Postcards

Postcards

by Annie Proulx
4.3 6

Paperback(Reprint)

$11.68 $16.00 Save 27% Current price is $11.68, Original price is $16. You Save 27%.
View All Available Formats & Editions
Eligible for FREE SHIPPING
  • Get it by Tuesday, August 22 ,  Order by 12:00 PM Eastern and choose Expedited Delivery during checkout.

Overview

Postcards by Annie Proulx

From the bestselling author of The Shipping News comes Postcards, the tale of the Blood family, New England farmers who must confront the twentieth century — and their own extinction. As the family slowly disintegrates, its members struggle valiantly against the powerful forces of loneliness and necessity, seeking a sense of home and place forever lost.
Loyal Blood, eldest son, is forced to abandon the farm when he takes his lover's life, thus beginning a quintessentially American odyssey of solitude and adventure. Yearning for love, yet forced by circumstance to be always alone, Loyal comes to symbolize the alienation and frustration behind the American dream.

Product Details

ISBN-13: 9780684800875
Publisher: Scribner
Publication date: 08/01/1994
Edition description: Reprint
Pages: 320
Sales rank: 500,066
Product dimensions: 5.60(w) x 8.40(h) x 0.80(d)

About the Author

Annie Proulx is the author of eight books, including the novel The Shipping News and the story collection Close Range. Her many honors include a Pulitzer Prize, a National Book Award, the Irish Times International Fiction Prize, and a PEN/Faulkner award. Her story “Brokeback Mountain,” which originally appeared in The New Yorker, was made into an Academy Award-winning film. Her most recent novel is Barkskins. She lives in Seattle.

Hometown:

LaBarge, Wyoming

Date of Birth:

August 22, 1935

Place of Birth:

Norwich, Connecticut

Education:

Attended Colby College in the 1950s. B.A., University of Vermont, 1969; M.A., Sir George Williams University, 1973

Customer Reviews

Most Helpful Customer Reviews

See All Customer Reviews

Postcards 4.3 out of 5 based on 0 ratings. 6 reviews.
smccuen More than 1 year ago
Another wonderful tale by Annie Proulx. Told in a string of immersive historical vignettes as if from the perspective of some overarching observer - it is the rich unfolding of lives with the insights of those who've paid attention and the losses of those who haven't. It is about how lives "get lived" and people come and go leaving scars, throwing switches that change the course for others or passing with almost no notice once delivered. It is about how schemes and identities dissipate with the passage of time. Sobering. But in its truths and heartaches one finds, at the very least, the comfort of company.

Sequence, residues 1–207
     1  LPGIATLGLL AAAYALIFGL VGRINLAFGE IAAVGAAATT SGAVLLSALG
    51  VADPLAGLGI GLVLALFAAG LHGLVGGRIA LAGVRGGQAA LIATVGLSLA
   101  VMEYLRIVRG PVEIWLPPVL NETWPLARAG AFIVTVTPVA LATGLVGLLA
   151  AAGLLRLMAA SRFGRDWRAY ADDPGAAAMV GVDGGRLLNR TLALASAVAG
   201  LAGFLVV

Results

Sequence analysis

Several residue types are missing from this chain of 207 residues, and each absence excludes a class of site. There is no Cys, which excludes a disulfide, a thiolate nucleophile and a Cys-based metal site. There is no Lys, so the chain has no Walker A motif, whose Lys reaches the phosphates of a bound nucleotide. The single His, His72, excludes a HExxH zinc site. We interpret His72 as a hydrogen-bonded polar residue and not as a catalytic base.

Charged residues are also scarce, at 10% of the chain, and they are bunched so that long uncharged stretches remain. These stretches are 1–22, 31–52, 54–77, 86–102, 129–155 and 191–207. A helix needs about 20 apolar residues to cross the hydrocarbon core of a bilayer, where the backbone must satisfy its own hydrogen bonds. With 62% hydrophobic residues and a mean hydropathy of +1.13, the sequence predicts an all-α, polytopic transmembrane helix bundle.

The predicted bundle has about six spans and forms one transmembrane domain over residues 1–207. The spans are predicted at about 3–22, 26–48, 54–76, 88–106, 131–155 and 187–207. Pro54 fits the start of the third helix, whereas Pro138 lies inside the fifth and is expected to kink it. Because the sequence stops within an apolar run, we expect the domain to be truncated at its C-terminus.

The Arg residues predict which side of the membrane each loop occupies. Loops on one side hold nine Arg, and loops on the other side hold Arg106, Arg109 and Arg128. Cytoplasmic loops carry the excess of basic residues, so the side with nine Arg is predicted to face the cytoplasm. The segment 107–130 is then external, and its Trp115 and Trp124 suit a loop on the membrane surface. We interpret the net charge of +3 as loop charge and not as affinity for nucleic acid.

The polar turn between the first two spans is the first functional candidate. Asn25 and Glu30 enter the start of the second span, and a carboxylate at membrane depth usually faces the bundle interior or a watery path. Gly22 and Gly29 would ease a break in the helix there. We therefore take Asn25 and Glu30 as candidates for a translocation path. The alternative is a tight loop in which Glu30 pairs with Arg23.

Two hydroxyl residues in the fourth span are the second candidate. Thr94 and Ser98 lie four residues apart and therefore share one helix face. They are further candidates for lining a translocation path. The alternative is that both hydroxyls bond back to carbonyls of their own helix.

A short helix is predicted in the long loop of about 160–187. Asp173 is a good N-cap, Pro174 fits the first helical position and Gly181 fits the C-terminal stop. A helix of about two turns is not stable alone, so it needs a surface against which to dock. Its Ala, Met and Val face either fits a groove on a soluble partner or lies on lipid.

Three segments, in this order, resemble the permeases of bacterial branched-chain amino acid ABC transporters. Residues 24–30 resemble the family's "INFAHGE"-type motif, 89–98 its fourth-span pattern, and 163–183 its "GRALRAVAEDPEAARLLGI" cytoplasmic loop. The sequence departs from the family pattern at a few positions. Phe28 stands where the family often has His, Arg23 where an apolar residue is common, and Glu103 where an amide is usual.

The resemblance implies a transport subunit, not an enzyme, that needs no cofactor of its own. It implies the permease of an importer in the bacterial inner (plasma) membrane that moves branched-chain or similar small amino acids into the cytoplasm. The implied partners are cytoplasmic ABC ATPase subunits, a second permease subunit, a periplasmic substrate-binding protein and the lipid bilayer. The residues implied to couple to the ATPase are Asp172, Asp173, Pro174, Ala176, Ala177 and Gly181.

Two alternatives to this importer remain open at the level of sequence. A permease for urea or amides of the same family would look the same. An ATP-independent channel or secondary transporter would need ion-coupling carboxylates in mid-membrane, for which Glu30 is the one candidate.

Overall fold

Guest More than 1 year ago
Most like her book Postcards, it is the tale of many characters that embroider a central theme. The ending is a bit convenient and heart warm, with a certain nod to sex and violence.
Guest More than 1 year ago
As an A Level student studying American literature it was compulsory for me to read postcards, I didn't enjoy it at first but now as i delve further into the novel it is far more interesting. I am still however undecided as to whether or not i like it.
Guest More than 1 year ago
Annie Proulx style of writing demands attention as the moment the mind wanders you are lost. I read the Shipping News and really didn't like it, but with Postcards I couldn't put it down. The deeper you go into this story the more tragic it becomes. Loyal stayed with me for days, and that is how I judge a good book, when it won't leave me.
montana-gal More than 1 year ago
This is my second copy of this book. I loaned my first copy out and it never came back, so I bought another and read it again. I have all of her books and can't wait until there are more. She is one of the few authors that ifeel the need to all of the books and re-read them. Good books are like great paintings. You wouldn't look at a great painting only one time, and good books are the same. In A.P.'s writing you can see, taste, feel and smell what she us writing about. They are just about perfect in every way.
Anonymous More than 1 year ago